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Healthcare expenditure on cardiovascular imaging, including echocardiography, has been growing rapidly; echocardiography growth rates have been in the range of 5–8% per year.1 ,2 In an effort to both understand the drivers of the growth of cardiovascular imaging and to help curb unnecessary use of these tests, the American College of Cardiology Foundation developed Appropriate Use Criteria (AUC),3 which now apply to all cardiac imaging modalities, including echocardiography. Despite the availability of such documents, the uptake and utilisation of AUC remains modest at best, and educational efforts alone have largely proven unsuccessful.4 ,5 Consequently, attempts have been made to implement AUC using a variety of active methods, including decision support tools.
The study by Boggan et al6 sought to improve the appropriateness of transthoracic echocardiogram (TTE) ordering at a tertiary care Veterans Affairs hospital in the USA by incorporating a decision support tool into an electronic ordering system, focused primarily on congestive heart failure and valvular heart disease, and interestingly including the ordering of a brain natriuretic peptide (BNP) test as part of this tool. However, over the study period, which consisted of a baseline period of 20 months and a post-intervention period of 12 months, the overall number of TTEs ordered did not change significantly. An initial decrease in orders occurred in the first 6 months, but this effect did not persist. The authors did not specifically look at the appropriateness of echo ordering to assess changes during the period of study but rather the total volume of studies performed. However, it is unlikely that the approximately unchanged total volume masks a decrease in inappropriate TTEs and a compensatory increase in appropriate ones.
The null study results highlight the challenges of quality improvement research in general and the difficulty in effecting real, appreciable change in inappropriate ordering of diagnostic testing in particular. The initial enthusiasm for any intervention sometimes produces short-term improvement that disappears over time as clinicians revert back to previous behaviours. Those promoting interventions that demonstrate early improvement have to deal with issues regarding sustainability to ensure desired behaviours continue beyond the initial period of study. Maintaining any improvement is undoubtedly very challenging. It requires reinforcement of the desired behaviours and a review of the improvements achieved thus far. Moreover, local solutions that actively engage affected clinical groups and incorporate their suggestions into the design of the intervention are often the initiatives most likely to effect change. In particular, the intervention needs to be straightforward, and makes doing the ‘right thing’, such as appropriate ordering, easier, while doing the ‘wrong thing’ slightly harder.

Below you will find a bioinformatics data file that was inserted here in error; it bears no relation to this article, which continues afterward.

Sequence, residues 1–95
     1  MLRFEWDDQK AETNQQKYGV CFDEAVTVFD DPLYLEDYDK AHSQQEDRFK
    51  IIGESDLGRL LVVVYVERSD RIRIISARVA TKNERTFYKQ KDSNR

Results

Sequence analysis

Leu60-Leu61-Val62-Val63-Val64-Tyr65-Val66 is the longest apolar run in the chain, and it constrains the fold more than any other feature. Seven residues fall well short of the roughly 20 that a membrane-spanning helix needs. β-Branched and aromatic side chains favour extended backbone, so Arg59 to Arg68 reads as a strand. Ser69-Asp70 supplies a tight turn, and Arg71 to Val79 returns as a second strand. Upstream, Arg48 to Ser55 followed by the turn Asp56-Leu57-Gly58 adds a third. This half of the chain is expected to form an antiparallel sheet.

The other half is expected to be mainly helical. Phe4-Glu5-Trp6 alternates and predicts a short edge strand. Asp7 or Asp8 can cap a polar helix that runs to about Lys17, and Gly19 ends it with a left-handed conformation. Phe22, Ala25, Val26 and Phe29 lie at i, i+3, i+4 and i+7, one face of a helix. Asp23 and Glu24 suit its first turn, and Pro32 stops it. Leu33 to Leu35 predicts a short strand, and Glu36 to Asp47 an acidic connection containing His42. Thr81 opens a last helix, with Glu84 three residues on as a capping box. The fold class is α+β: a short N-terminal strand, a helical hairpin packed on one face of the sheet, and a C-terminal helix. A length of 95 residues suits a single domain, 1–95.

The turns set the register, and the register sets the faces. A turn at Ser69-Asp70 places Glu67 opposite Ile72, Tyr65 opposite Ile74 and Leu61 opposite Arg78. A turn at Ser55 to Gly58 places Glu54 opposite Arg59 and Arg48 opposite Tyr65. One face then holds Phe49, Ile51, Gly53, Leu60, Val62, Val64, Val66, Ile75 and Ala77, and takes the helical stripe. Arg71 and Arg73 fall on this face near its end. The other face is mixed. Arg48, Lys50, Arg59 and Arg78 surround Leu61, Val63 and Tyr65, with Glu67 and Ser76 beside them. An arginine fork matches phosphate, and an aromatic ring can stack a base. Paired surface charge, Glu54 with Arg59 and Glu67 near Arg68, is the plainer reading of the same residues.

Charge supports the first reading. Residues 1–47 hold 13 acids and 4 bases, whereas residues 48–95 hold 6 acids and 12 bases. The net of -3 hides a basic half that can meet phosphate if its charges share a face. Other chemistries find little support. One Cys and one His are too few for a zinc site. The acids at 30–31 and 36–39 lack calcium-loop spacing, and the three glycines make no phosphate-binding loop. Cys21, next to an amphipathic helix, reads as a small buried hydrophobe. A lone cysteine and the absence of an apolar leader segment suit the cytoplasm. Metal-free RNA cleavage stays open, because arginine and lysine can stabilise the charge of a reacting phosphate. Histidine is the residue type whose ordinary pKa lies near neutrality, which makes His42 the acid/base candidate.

The authors do not specifically mention whether they engaged key stakeholders (eg, clinicians groups that frequently order TTEs) in the intervention development process. Furthermore, iterative changes would certainly have been required and engagement by those most intimately involved and affected by the process would foster greater adoption and uptake of the decision support tool. Such interaction with the desired group would allow greater appreciation of the reasons for change and potentially may result in a more meaningful uptake of the intervention process.
A common difficulty in efforts to improve quality is that the target problem is not adequately characterised and the degree to which the proposed intervention addresses the various factors contributing to the problem is not examined. One needs to consider the theory of this intervention.7 The use of decision support to curb inappropriate TTE orders assumes that the primary problem consists of lack of knowledge and that the decision to request a TTE can be modified at the time of order entry.
In reality, however, the reasons for ordering TTEs are likely complex and may not primarily involve lack of knowledge regarding AUC or be amenable to a point-of-care intervention. In a teaching hospital environment, investigations are usually ordered by house staff and trainees under the direction and supervision of attending physicians. If the attending physicians (or senior fellows) instruct their trainees to order a TTE, it is unlikely that an intervention aimed at the trainee entering the order will have any effect on the appropriateness or volume of TTEs performed. Moreover, even if senior clinicians and trainees know the appropriate indications for TTE, they may have other reasons for ordering ostensibly inappropriate tests. For instance, maybe the result will facilitate timely discharge from the hospital or referral to a specialist. Thus, determining the common reasons for ordering inappropriate tests is crucial to developing an intervention to improve utilisation. Local data should be collected as factors intrinsic to the institution may play key roles in ordering behaviour. Interventions and solutions should be tailored to the specific characteristics and dynamics of the institution. Applying a ‘one-size fits all’ approach will likely have disappointing results if applied broadly (ie, applying a decision support tool for overused tests in general).